15 ideas for expanding students’ understanding of a story
The tips below can also be used as writing prompts and not just in schools. I started using these years ago, when I taught a group of third-grade students to become storytellers.
One child in particular stands out in my mind. Robbie was a shy boy, the kind who can easily be overlooked because he never speaks up, never acts out, always does his homework. I was stunned when he applied to join the school’s first storytelling troupe.
I was a school librarian at the time and asked his teacher if she thought Robbie could learn to be a storyteller. I can’t remember her exact words, but it was on the order of, “If you can teach a dishrag to dance.” She wasn’t being mean, just honest.
Still, Robbie’s mother was my best volunteer. I’m not proud of myself for having approved Robbie’s request to keep his mother onside.
Within a few weeks, Robbie not only chose and learned his own story. He learned everyone else’s. He became the troupe’s coach. When a storyteller froze on stage and couldn’t remember the story, Robbie quietly fed her lines until she recovered. When another fell ill, Robbie stepped in and told his tale.
And Robbie could spin stories like a master. He didn’t just recite the stories. He became the stories. You could see it on the enthralled faces of his audiences, children and adults alike.
At the end of the year, his mother told me she had been shocked when Robbie asked her to sign his application. “Why do you want to be a storyteller,” she had asked. “You’re too shy.”
Her quiet son had replied, “I think it’s time I stopped being so shy.”
I’ve no idea if Robbie’s life was changed by his transformation from invisible boy to animated storyteller, but I know mine was. If I’d had the slightest doubt of the transforming power of storytelling, I lost it as I watched Robbie take the stage.
1. Identify the beginning, middle, and end of a story. Draw pictures for each. Retell the story using the pictures.
2. Act out scenes from familiar stories. Crawl right into the characters. How would a troll rise from under a bridge? How would a wolf speak to a child in a red cape? How would a chicken run from a falling sky?
3. Compare as many variants of a folktale as you can find. Choose variants that come from different cultures. In a study of world cultures, folktales reveal both similarities and differences. The Cinderella story is a good example. Similar stories are told around the world: Aschenputtel in Germany, The Magic Orange Tree in Haiti, Vasilisa the Beautiful in Russia. Nancy Keane has put together a list of many of these variants.
4. Write a different ending for a familiar story. Supposing the queen had not guessed Rumpelstiltskin’s name? What if the frog had never turned into a prince? What if the three bears had lived in a city apartment?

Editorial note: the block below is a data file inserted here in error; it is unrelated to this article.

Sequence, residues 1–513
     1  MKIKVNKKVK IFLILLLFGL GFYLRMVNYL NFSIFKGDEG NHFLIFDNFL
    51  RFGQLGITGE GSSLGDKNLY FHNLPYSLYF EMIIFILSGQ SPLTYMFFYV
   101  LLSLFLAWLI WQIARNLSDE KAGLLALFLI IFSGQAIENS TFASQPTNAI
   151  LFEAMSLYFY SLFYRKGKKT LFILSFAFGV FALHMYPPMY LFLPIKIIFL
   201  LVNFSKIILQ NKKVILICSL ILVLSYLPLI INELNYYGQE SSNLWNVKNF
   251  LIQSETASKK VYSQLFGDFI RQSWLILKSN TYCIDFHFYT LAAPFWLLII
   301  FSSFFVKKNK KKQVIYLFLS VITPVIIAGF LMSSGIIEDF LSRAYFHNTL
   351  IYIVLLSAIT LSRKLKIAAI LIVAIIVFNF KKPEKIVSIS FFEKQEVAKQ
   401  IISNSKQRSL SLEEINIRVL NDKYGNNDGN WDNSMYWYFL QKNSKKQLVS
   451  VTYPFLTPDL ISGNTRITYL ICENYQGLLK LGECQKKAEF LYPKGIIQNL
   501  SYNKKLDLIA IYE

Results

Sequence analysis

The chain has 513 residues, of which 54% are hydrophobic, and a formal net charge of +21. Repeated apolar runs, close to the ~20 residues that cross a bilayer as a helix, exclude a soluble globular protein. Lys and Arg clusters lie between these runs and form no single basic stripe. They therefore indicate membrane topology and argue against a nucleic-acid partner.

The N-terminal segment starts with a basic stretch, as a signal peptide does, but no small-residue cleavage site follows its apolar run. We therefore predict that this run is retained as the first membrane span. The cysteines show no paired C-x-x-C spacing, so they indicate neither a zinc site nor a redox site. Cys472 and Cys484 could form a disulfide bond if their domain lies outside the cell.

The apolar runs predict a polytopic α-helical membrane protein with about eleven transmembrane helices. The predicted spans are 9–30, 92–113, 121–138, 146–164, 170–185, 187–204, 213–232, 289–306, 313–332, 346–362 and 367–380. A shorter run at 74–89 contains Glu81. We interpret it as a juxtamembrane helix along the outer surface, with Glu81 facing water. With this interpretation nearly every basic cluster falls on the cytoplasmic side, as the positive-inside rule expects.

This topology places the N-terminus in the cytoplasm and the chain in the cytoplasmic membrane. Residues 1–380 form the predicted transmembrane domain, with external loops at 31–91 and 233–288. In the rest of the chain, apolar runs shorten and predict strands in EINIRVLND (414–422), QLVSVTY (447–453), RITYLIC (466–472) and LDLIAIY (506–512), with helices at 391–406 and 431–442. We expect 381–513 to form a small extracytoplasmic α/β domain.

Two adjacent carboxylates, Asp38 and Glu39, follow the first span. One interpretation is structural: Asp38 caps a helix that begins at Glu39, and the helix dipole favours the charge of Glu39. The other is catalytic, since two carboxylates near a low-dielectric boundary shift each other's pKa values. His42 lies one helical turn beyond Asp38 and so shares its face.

5. Retell a story from the viewpoint of one of the characters. How would the witch tell the story of Hansel’s and Gretel’s nibbling on her house? How would the oldest step-sister tell the story of Cinderella?
6. Write imaginary conversations between characters. Have Jack and the Giant talk about the magic beanstalk and all the things Jack stole. Bring together characters from different stories. Molly Whuppie and Jack could compare notes on their adventures with giants. They could write letters to each other.
7. Have students retell a familiar story in pairs. One begins; the other takes over when you call, “Switch.” This is a challenge to listening, sequencing, and memory skills.
8. Change the motivation of a central character. Rewrite the story from that point of view. Make Snow White’s stepmother into a sympathetic character. What if Rumpelstiltskin was trying to save the queen from a king who only wanted to marry her because she could spin gold?
9. Describe characters in a story. What does little Red Riding Hood look like? The Frog Prince? The giant who confronts Jack?
10. Describe the landscape of a story. What does the Three Bears’ house look like? What kind of a forest surrounded the house of Little Red Riding Hood’s grandmother? What was the weather like when the goats came tripping over the bridge?
11. Read pourquoi (how-and-why) tales that contemplate the origins of natural phenomena. Then have students write their own. What are rainbows? How did skunk get his special weapon? What formed the mountains? Why do koalas sleep most of the day?
12. Experiment with body language. What one gesture could characterize the princess who slept on a pea? How would the Beast stand and move in the presence of Beauty?
13. Have students write in a journal as though they were a story character. What would one of the dwarfs write in his on the day Snow White appears? What would a robber write in his after being frightened by the Brementown musicians? What would Cinderella have to say about her stepsisters?
14. Publish a newspaper with folk tale headlines and articles. “Chicken leg fools witch.” “Blowhard wolf meets his match.” “Hundred-year sleep ends with kiss.” (Imagine how the Personals column would read!)
15. Ask students to write a song or chant for the characters in a story. What does Jack sing as he climbs the beanstalk? What does the princess chant when the frog asks her to take him home?
©2010 Cathryn Wellner